This project is motivated by our ongoing frustration with the fact that our electronic devices are not as resilient and reliable as mechanical ones, and our digital imprints are not cherished like physical ones.
We consider this to be a design problem. In our work so fark, we have provided scaffolding for further research and designs for enduring computational artifacts by bringing together diverse knowledge streams: philosophy, design research, economics, and engineering.
Our initial design direction for realizing interactive computational heirlooms is based on a union of distributed, trustless, ubiquitous software and durable, physical, mobile devices. We propose blockchain-based software as a design material for enduring, precious digital imprints. Conversely, we recognize that the complexity and abstractness of software does not fully reflect the values we wish to capture. We argue that access management to such a system can be accomplished using purely mechanical mobile devices, similar in many ways to mechanical wristwatches, which can implement sentimental aspects of our intended design direction while addressing certain usability problems.
We define an heirloom as a possession that is meant to be cherished, preserved, used, and possibly maintained, throughout the lifetimes of multiple owners, while in some way embedding an "imprint" of previous ownership. As such, an heirloom enables its owners to store and experience both sentimental and material value, while also enabling the transfer of such value between owners.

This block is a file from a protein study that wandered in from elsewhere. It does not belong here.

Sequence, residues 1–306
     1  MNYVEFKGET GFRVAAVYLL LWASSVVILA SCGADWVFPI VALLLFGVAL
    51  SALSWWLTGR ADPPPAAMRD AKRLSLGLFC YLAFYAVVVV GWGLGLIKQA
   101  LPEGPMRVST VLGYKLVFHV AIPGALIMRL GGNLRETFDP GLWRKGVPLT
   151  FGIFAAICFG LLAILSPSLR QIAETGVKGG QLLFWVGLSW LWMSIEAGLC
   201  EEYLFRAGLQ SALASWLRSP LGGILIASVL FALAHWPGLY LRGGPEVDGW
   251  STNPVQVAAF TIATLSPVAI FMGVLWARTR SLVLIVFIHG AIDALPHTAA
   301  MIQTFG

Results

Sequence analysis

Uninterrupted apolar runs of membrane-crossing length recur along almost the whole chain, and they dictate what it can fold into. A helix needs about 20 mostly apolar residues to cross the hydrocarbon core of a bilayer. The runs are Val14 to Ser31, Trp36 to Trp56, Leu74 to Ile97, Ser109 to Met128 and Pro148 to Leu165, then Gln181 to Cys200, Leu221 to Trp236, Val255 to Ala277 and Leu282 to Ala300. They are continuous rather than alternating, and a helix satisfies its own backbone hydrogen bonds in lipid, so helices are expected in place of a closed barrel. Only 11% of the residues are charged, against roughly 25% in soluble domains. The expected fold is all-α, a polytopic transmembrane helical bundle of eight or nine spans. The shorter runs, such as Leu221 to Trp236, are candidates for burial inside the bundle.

Heirloom status is associated with software, and electronics only in exceptional cases; mostly when significant monetary value is of concern. Reasons for this include the rapid obsolescence, and (for software) a lack of affordances for ownership and its transfer. In terms of the functional, symbolic, and material qualities of posessions, articulated by Peter-Paul Verbeek in his 2005 book What Things Do, the implication is that the embedding of enduring symbolic value in digital materials is problematic. Our proposal is that the blockchain can be considered as a particular design material that can address this challenge. Conversely, enduring mechanical devices, rather than electronics, can be used to tackle issues of authentication and access control that are essential for the usability of blockchain-based software, while also providing affordances for ownership transfer.
Our work so far has focused on articulating and justifying this concept. To this end, we reviewed prior research on heirloom status in design literature; reconsidered the notion of “material” in interaction design; proposed blockchain-based software as a particular digital material to serve as a substrate for computational heirlooms; and argued for the use of mobile artifacts informed in terms of their materials and formgiving practices by mechanical wristwatches as its physical embodiment and functional counterpart. This novel integration is meant to enable mobile and ubiquitous interactive systems for the storing, experiencing, and exchanging value throughout multiple lifetimes; showcasing the feats of computational sciences and crafts; and enabling novel user experiences.
For a detailed articulation of the concept, please see our presentation (below) and research paper at the ACM’s 2018 Conference on Designing Interactive Systems.
Mehmet Aydın Baytaş, Aykut Coşkun, Asım Evren Yantaç and Morten Fjeld (2019). Appreciating Digital Materials for Longevous Computational Artifacts. Paper presented at the CHI 2019 workshop Towards a Responsible Innovation Agenda for HCI.
Baytaş, M.A., Coşkun, A., Yantaç, A.E., Fjeld, M. (2018) Towards Materials for Computational Heirlooms: Blockchains and Wristwatches. In Proceedings of the 2018 Conference on Designing Interactive Systems (DIS 2018). [Best Paper award]